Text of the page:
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FRSC moves to enforce speed limiter use, as speed-related crashes worry Corps Marshal Oyeyemi

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FRSC moves to enforce speed limiter use, as speed-related crashes worry Corps Marshal Oyeyemi
Corps Marshal Boboye Oyeyemi

By Theodore Opara

Federal Road Safety Corps, FRSC, Corps Marshal, Dr. Boboye Oyeyemi, has ordered a review of strategy for more effective enforcement on the use of speed-limiter, following increasing cases of speed-related crashes.

The Corps Marshal directed Commanding Officers to step up enforcement of the law on the use of the speed-limiting device after a review of the first phase of end-of-year special patrol embarked on by FRSC.

The Corps Marshal described the phenomenon as unacceptable, noting: “We must step up enforcement of the regulations on the use of the speed-limiting device in the second phase of the special operations and first quarter of next year to drastically force down the growing trends of speed-induced crashes.

“The Commanding Officers are, hereby, given special directives on aggressive enforcement of the regulations on the use of the speed-limiting device to curb the rate of crashes and fatalities that speeding causes, as shown by the records of the first phase of the special operations.

“Consequently, those that are operating without speed limiters or those using faulty ones, as well as those that have reset their own speed limiters to make them ineffective, must not be spared to endanger other road users.”

Oyeyemi’s orders were revealed in a statement by the Corps Public Education Officer, Assistant Corps Marshal Bisi Kazeem, in Abuja on Sunday.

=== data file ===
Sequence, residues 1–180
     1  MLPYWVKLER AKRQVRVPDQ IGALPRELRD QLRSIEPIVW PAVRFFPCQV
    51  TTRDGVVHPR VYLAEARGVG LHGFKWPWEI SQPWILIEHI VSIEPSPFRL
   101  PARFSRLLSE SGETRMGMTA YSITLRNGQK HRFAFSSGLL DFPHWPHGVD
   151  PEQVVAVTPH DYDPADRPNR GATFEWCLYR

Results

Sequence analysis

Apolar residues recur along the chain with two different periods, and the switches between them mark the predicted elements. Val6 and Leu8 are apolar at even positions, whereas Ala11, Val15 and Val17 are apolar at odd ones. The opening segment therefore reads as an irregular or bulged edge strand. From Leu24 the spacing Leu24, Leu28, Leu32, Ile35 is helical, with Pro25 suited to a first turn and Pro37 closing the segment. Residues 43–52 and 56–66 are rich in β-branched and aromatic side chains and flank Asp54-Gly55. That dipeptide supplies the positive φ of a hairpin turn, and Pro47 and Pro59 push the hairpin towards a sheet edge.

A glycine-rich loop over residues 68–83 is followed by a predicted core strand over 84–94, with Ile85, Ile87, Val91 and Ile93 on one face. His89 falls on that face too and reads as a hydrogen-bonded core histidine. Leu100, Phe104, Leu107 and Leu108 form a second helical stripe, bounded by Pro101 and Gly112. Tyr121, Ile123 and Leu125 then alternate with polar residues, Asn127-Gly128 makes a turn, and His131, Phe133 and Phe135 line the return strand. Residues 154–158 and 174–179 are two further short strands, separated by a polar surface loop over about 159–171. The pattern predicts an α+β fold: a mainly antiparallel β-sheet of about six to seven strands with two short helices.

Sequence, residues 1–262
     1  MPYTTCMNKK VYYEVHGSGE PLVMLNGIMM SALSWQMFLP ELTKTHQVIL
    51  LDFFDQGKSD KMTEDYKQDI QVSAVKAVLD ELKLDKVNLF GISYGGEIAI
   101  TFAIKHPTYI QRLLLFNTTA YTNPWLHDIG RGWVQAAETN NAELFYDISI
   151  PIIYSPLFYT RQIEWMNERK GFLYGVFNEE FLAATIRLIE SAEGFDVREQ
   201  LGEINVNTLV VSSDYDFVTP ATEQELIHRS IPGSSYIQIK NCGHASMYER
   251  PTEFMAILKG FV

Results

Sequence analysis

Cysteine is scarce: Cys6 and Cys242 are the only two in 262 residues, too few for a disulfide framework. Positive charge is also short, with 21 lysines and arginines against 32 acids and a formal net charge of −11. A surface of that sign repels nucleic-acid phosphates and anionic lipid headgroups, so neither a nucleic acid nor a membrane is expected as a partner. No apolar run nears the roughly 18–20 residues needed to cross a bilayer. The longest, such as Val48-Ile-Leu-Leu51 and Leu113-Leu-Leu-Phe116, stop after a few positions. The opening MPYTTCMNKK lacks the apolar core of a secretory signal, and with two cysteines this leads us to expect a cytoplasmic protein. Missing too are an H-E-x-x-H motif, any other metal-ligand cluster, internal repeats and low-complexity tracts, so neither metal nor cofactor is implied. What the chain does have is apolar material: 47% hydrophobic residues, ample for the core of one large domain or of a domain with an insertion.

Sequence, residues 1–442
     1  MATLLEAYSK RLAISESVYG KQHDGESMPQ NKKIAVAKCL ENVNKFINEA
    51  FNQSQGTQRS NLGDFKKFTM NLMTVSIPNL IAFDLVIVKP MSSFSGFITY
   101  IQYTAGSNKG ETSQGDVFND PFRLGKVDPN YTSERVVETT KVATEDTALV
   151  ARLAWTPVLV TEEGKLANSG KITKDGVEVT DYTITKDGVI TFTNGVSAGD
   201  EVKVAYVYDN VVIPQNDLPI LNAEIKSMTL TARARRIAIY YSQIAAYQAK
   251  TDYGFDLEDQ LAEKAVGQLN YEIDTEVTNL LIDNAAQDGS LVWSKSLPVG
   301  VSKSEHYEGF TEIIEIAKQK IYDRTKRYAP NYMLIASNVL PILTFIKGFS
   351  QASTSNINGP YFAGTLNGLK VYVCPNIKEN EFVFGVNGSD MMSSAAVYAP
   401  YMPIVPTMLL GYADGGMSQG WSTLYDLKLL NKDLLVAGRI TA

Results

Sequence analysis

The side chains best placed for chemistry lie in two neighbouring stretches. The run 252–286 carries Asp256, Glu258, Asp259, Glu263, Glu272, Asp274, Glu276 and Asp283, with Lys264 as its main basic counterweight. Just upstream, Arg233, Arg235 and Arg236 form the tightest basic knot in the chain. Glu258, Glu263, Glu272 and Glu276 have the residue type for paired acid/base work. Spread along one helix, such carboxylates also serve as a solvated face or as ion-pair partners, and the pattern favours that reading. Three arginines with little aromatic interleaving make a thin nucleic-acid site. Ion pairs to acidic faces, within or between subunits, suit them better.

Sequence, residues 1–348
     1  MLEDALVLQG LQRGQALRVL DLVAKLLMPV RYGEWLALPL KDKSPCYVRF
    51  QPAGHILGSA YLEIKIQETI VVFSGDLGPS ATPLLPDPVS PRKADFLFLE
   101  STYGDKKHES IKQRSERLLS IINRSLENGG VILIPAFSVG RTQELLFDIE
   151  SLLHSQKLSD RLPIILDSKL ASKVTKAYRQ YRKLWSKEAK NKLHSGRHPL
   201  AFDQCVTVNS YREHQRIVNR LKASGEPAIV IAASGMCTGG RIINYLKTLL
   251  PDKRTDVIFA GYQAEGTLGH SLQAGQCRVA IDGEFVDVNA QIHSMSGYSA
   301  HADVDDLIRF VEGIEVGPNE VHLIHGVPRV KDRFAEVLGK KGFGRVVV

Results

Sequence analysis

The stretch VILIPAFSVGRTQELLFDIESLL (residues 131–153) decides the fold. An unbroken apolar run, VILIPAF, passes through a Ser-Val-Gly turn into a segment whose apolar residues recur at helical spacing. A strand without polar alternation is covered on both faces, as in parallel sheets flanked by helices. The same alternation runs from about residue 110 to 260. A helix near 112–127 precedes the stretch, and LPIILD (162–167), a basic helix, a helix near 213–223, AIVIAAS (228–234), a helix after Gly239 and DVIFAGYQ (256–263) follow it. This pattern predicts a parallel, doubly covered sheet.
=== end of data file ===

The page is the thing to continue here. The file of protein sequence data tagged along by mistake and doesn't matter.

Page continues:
The Corps Marshal noted that the increasing level of speed-induced crashes, as recorded within the period, was undermining the efforts of the Corps to ensure safer road environments.

Kazeem further said that other causative factors such as route violation, dangerous driving and light sign violations were not completely ruled out in the records of crashes that occurred within the period.

“However,” he added, “the reoccurring nature of speeding as a major factor was a source of deep concern to the Corps Marshal who has ordered for a review of the strategy for a more effective enforcement of the regulations on the use of speed-limiting device.”

Annual special patrols

FRSC, as part of its annual special end of year patrol, had been engaged in special Christmas and new patrols codenamed “Drive Safe; Stay Safe”.

This is to address the usual cases of traffic holdups, crashes, death and injuries resulting from increased human and vehicular traffic within the festive periods.

The deployments of personnel and logistics to the major highways and identified black spots across the country is being done at the same time with traffic counts to determine the volume and types of vehicles that are plying the roads within the period for a more efficient future traffic management planning.

The codename was chosen in view of the threats of COVID-19 pandemic and the need for members of the public, especially the road travellers, to operate in full compliance with road safety rules and regulations and strict adherence to the guidelines issued by the Presidential Task Force on COVID-19.

A brief history of speed limiter

Vanguard reported that the enforcement of the mandatory speed-limiting devices in commercial vehicles officially began on Wednesday, February 1, 2017, after President Muhammadu Buhari endorsed the implementation of the mandatory installation of the device in October 2016.

Earlier, the House of Representatives’ resolution of June 23, 2016, approved the introduction of speed limiter in accordance with the extant provisions of the FRSC Establishment Act(2007).

Thereafter, FRSC embarked on extensive consultation with relevant stakeholders and elaborate public education programmes.

However, until Corps Marshall Boboye Oyeyemi’s new orders on Sunday, installation of the speed limiters in vehicles and checks/enforcement by the Corps were negligible or even non-existence in some areas.

Vanguard News Nigeria

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